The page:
Area vets to help dedicate memorial in D.C.
This, Lawrence Shelton says, is what he tells people about his experience in World War II, 41 months and 21 days, mostly in the Army Medical Corps, which took him to Africa, Italy and Germany.
"It's something you can't buy," the 84-year-old Urbana man said last week.
Asked if he would buy the experience if he could, Shelton replied: "In some cases, I'd say yeah, and in some cases, I'd say no."
But good and bad, their wartime experiences were so defining for Shelton and a group of other local veterans that they welcomed a chance to attend the dedication of the new National World War II Memorial in Washington, D.C., on Saturday.
"Being as how they're going to be good enough to dedicate it on my birthday, I thought maybe I should go," Jim Howie of Danville joked. The Navy veteran, who served as a seaman and first loader on an anti-aircraft gun on the destroyer McDermut in the Pacific, turns 77 that day.
None of the local veterans said they worried much about there not being a World War II memorial prior to this, although memorials to the Vietnam and Korean wars already had been raised in the nation's capital.
After they came home from the war, they mostly worried about getting on with life.
"All of us guys were just a bunch of guys doing something one minute, and the next minute we were in the service, and we did our job and came home," said Howie, who worked at General Motors in Danville for 41 years before retiring.
"It never even entered my mind that we didn't have (a memorial)," said Steve Johnson, 79, of Champaign, part of a four-man crew on an Army landing craft moving men and materials for the island-hopping campaigns in the Philippines, New Guinea and elsewhere in the South Pacific.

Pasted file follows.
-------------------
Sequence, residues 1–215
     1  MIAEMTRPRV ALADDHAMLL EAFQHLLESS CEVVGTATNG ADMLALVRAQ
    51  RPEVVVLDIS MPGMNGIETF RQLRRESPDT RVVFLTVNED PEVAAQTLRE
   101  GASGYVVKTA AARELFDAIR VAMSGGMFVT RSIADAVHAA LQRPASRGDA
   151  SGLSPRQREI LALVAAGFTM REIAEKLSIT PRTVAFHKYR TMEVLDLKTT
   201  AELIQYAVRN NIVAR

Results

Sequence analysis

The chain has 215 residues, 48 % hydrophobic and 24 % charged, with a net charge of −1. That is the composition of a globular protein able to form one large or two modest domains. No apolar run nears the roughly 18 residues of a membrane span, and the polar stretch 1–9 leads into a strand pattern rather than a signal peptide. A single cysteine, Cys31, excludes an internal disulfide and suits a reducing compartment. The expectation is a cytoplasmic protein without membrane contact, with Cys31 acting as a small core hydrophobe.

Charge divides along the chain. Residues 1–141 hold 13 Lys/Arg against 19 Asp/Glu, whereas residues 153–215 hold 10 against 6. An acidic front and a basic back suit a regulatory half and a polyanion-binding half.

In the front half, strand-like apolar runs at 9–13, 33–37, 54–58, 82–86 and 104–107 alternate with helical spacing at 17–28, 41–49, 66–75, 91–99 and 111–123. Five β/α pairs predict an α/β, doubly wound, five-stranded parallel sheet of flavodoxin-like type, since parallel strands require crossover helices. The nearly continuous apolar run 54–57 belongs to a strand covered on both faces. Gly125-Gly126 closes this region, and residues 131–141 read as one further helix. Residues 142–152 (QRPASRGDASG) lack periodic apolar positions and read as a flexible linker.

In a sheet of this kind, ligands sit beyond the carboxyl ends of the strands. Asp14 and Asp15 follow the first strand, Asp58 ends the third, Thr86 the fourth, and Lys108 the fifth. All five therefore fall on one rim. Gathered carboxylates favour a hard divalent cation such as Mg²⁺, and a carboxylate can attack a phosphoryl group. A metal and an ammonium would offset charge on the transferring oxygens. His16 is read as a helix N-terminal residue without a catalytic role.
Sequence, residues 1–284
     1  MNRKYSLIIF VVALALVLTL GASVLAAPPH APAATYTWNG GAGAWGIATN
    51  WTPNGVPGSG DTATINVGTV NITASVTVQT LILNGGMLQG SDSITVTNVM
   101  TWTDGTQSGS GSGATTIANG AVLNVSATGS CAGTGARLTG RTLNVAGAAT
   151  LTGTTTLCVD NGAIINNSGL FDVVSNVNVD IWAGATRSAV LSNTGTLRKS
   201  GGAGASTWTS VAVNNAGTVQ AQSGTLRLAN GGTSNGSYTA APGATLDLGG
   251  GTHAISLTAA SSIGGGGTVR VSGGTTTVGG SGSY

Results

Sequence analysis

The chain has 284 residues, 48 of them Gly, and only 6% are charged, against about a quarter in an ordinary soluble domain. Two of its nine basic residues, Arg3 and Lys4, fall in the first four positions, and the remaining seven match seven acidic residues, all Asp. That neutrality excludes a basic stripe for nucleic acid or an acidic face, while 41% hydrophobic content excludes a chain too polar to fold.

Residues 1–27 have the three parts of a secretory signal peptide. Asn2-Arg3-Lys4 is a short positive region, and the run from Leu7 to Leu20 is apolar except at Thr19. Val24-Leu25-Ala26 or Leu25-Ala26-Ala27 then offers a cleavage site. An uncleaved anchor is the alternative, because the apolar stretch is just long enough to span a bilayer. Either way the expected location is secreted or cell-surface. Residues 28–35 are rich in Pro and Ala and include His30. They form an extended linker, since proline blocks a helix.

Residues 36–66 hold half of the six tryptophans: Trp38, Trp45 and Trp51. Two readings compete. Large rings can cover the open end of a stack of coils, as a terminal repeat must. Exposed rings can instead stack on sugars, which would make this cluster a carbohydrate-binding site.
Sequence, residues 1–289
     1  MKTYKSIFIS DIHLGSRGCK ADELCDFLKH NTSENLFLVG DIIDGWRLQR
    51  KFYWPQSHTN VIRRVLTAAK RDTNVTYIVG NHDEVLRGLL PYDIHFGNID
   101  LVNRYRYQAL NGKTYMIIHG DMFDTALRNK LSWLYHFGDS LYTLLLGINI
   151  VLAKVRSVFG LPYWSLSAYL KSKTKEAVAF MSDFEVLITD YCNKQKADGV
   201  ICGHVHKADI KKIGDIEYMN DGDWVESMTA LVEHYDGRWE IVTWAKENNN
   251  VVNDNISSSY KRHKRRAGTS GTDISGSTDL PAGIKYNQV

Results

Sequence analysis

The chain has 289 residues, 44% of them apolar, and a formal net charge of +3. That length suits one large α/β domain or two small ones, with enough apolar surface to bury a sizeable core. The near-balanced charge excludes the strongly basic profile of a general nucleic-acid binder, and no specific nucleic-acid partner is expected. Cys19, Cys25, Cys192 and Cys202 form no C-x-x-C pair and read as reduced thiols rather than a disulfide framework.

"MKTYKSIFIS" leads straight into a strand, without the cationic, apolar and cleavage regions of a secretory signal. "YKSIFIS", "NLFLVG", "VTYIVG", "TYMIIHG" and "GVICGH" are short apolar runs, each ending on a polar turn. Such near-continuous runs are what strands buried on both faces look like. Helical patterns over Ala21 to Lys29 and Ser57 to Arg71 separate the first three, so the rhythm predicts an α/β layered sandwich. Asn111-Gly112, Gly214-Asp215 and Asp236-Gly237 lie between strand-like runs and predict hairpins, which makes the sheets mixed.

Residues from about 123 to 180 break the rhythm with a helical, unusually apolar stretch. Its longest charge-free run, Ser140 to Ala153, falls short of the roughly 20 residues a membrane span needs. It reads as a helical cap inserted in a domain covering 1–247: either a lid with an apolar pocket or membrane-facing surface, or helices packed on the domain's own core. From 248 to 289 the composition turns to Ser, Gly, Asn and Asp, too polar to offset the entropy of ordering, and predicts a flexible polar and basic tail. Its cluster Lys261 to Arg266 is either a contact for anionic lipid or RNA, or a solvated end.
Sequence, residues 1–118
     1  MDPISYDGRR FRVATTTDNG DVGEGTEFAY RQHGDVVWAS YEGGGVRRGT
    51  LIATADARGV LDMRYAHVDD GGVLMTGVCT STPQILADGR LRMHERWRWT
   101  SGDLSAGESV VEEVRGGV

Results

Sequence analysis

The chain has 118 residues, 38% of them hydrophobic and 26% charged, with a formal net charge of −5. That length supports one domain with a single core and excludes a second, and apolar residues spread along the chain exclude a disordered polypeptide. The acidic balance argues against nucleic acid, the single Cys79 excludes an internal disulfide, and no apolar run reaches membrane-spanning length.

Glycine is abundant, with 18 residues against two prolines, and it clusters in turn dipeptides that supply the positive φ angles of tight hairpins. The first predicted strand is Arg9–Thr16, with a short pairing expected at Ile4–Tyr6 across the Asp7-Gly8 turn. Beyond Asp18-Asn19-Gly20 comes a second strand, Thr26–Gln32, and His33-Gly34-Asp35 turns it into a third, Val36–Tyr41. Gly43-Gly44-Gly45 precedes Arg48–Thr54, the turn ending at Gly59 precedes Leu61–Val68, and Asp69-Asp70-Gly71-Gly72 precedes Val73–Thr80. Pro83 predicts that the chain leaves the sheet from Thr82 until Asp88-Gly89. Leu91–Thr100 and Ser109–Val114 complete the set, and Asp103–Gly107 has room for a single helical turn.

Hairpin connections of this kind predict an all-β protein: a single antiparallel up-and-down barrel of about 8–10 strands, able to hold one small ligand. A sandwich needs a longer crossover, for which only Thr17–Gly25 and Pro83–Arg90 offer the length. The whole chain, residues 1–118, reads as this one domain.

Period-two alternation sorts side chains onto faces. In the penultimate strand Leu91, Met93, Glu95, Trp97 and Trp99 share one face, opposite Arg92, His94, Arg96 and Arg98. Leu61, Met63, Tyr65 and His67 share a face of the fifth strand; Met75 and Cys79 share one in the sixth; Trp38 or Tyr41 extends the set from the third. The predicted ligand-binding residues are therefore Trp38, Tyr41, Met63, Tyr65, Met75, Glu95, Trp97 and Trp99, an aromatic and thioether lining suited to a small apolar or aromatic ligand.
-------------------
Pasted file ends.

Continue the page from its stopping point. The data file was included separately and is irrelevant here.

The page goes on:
Still, Harold Wheatley, 77, of Urbana was quick to become an original contributor to the memorial when the 50th anniversary of Word War II spurred an effort to fund one, with former Senator and Vice President Robert Dole, himself a decorated war veteran, spearheading.
"Soon as I heard about (the trip to the dedication ceremony), I called and wanted to go," said Wheatley, a former Army rifleman who served on Okinawa, among other places. "It's something I think every World War II veteran would want to see."
Wheatley's friend Ernie Furrow, 71, of Champaign, a Navy veteran of the Korean War era, is going along. His late father, Ernest Furrow, was a 30-year Navy man during both World War II and Korea.
"I'm going, really, to honor my dad as well as the other World War II veterans," Furrow said. "I think it's (the memorial) fantastic. I know I'll be awestruck when I actually see it."
The trip was put together by the American Legion, through Legion Post 24 locally, and is to include a visit to the White House and Arlington National Cemetery besides the memorial dedication.
The veterans said preparing for their trip brings back memories ranging from fondness to fear, and in some cases profound sadness.
"There's gonna be a lot of tears up there (at the memorial) from guys," Wheatley said.
Phil Pemberton's voice hitched when the 82-year-old Champaign man said he would be thinking of the glider troops he trained in the Army Air Forces, "those men that were part of that training program who I'm sure didn't come back." The retired teacher and educational consultant said he wanted to attend the dedication "to at least pay honor to them."
Shelton recalled identifying the dead as part of his job in the medical corps, but he said that didn't bother him as much as treating some of the severely wounded.
"To come to a wounded person begging you to kill him," he said. "'I don't want my parents to see me like this.' That stuff gets to you."
"There are a lot of guys down at the bottom of the ocean (who) should have gone home," Howie said.
He survived kamikaze attacks, but said the attacks themselves weren't the worst part.
"Just the waiting, it made your nerves raw," he said, "wondering where the hell they were and when they were gonna come at you."
Johnson remembered riding out a hurricane one night in their small ship, not built for heavy seas.
"Those waves were mountain-sized," he said. "Going down into the trough was like going into a valley. It was all night long. We were all beat. We lost a lot of stuff overboard."